In the first months of the full-scale invasion, Ukrainians trapped in cities tried to save their children from shelling by creating large and visible signs saying “Children”. Nevertheless, convoys with such signs came under fire from the Russian military with particular cruelty, as did the Mariupol theater marked with “Children,” where, according to various sources, 300 to 600 citizens with children were killed.

Denial of access to humanitarian aid

Among the war crimes of the Russian Federation against Ukrainian children recorded by human rights activists is the deliberate creation of a humanitarian crisis in the temporarily occupied territories. “Newborns under six months of age had virtually nothing to eat. There were no formulae, and women in labor lost milk due to stress. Baby food has a very short shelf life, so volunteers need to supply it constantly. But its supply was blocked, the trucks were simply turned back at Russian checkpoints,” the report by the Kharkiv Institute for Social Research and the Children’s Voices Charitable Foundation says.

During his report to the UN, US Ambassador Jeffrey DeLaurentis drew attention to the deliberate nature of crimes against children committed by Russia in Ukraine: “As Russia’s war continues, Russian military forces and officials have committed crimes against humanity – including crimes against children – by choice. Russian troops have executed Ukrainian men, women and children,” he said. “These actions are not random or spontaneous – they are part of a widespread and systematic attack on the civilian population of Ukraine.

Despite international law, Russian forces continue to systematically commit crimes against humanity on the territory of Ukraine, deliberately targeting places where children are obviously present, including schools, hospitals, and residential buildings.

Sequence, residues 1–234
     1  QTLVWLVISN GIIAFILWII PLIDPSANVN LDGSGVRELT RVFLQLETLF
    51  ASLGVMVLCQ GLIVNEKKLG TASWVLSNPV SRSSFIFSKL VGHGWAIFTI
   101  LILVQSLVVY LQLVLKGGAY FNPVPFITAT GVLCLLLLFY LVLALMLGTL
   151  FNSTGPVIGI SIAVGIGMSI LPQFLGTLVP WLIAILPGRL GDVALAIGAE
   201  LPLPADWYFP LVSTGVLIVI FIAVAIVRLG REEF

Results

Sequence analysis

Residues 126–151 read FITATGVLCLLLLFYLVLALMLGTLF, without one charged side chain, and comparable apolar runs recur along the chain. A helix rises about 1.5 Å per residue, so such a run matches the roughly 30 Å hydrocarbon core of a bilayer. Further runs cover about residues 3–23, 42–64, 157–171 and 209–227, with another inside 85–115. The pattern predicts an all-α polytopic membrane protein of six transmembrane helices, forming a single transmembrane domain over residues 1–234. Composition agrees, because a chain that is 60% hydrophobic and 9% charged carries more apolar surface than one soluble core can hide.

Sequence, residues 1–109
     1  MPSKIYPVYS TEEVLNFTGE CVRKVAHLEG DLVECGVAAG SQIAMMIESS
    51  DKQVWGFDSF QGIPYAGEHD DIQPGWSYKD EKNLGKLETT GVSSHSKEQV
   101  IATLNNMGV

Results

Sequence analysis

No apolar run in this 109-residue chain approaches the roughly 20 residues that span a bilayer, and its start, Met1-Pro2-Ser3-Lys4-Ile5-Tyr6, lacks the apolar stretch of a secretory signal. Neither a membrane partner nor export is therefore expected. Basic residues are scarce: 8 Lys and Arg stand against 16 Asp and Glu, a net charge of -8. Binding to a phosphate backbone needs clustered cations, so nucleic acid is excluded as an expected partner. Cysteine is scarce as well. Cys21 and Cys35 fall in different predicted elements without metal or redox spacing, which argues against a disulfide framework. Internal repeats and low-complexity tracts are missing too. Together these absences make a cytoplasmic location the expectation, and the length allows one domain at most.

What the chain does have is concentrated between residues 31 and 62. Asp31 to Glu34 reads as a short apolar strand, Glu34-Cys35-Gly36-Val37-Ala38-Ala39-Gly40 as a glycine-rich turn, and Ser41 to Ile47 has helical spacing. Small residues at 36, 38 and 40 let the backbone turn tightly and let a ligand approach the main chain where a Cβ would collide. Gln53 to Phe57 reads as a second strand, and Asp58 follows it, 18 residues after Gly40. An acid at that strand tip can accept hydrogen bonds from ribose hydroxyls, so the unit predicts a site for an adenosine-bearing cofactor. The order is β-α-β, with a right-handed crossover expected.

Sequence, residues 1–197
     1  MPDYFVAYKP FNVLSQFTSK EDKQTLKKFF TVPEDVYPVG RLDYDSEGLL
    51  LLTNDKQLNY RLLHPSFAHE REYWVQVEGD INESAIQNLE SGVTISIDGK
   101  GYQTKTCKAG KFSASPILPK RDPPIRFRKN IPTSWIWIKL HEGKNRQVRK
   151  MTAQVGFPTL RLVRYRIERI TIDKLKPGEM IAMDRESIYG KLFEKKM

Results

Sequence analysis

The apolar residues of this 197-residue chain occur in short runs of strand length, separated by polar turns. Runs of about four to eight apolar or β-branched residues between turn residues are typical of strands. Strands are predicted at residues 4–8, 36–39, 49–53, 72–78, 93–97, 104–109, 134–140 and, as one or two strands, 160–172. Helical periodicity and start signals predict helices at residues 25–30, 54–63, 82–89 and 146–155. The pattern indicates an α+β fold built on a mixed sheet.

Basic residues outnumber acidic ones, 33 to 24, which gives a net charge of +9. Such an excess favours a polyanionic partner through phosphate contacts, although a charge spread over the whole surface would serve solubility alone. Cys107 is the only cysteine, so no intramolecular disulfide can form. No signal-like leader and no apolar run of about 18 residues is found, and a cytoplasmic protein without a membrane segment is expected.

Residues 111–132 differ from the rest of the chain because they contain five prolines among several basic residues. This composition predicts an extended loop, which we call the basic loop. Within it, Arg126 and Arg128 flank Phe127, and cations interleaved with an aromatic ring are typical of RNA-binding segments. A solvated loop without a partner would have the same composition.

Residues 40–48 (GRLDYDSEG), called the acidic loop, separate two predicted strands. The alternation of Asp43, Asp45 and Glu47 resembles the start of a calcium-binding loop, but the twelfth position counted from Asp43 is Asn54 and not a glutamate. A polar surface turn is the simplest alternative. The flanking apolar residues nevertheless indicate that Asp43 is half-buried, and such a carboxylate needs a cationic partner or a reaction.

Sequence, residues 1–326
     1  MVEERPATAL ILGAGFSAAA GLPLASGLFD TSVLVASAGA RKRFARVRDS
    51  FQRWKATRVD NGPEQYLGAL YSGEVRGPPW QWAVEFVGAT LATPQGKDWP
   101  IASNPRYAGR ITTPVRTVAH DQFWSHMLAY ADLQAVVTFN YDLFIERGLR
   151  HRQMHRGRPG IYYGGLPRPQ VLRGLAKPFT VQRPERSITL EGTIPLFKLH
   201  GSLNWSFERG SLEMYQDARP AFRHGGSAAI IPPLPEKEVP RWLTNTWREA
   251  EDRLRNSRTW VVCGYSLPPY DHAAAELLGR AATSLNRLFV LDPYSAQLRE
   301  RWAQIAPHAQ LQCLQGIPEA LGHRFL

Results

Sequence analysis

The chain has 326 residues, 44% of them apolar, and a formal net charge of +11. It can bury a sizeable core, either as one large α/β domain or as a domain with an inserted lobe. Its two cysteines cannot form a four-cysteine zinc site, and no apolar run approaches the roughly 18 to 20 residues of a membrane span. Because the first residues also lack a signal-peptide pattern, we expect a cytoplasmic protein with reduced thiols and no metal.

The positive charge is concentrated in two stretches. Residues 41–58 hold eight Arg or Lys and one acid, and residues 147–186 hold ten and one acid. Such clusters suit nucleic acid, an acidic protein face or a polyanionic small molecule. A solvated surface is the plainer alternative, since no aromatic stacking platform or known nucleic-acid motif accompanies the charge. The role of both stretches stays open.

This harsh reality is faced by millions of Ukrainian parents who wake up every day not knowing how to provide their children with the most basic necessities: the ability to live a day without the threat of being killed by a Russian missile, a soldier, or an explosive left in a child’s toy by the invaders.

The value of human life is at the core of international humanitarian law and the modern world order. The principle that guarantees everyone, regardless of nationality, place of residence or other characteristics, the right to life is basic.

However, Russia regularly undermines these foundations, turning war crimes into a tool to achieve its own goals, deliberately taking the lives of Ukrainian children.

The only way to stop Russia is for democratic countries to join forces to increase sanctions pressure on Russia and to provide Ukraine with more weapons and other means to strengthen its ability to protect its citizens.

After all, Ukrainian children deserve a safe, European life on a par with German, French and other children.

Source: The Gaze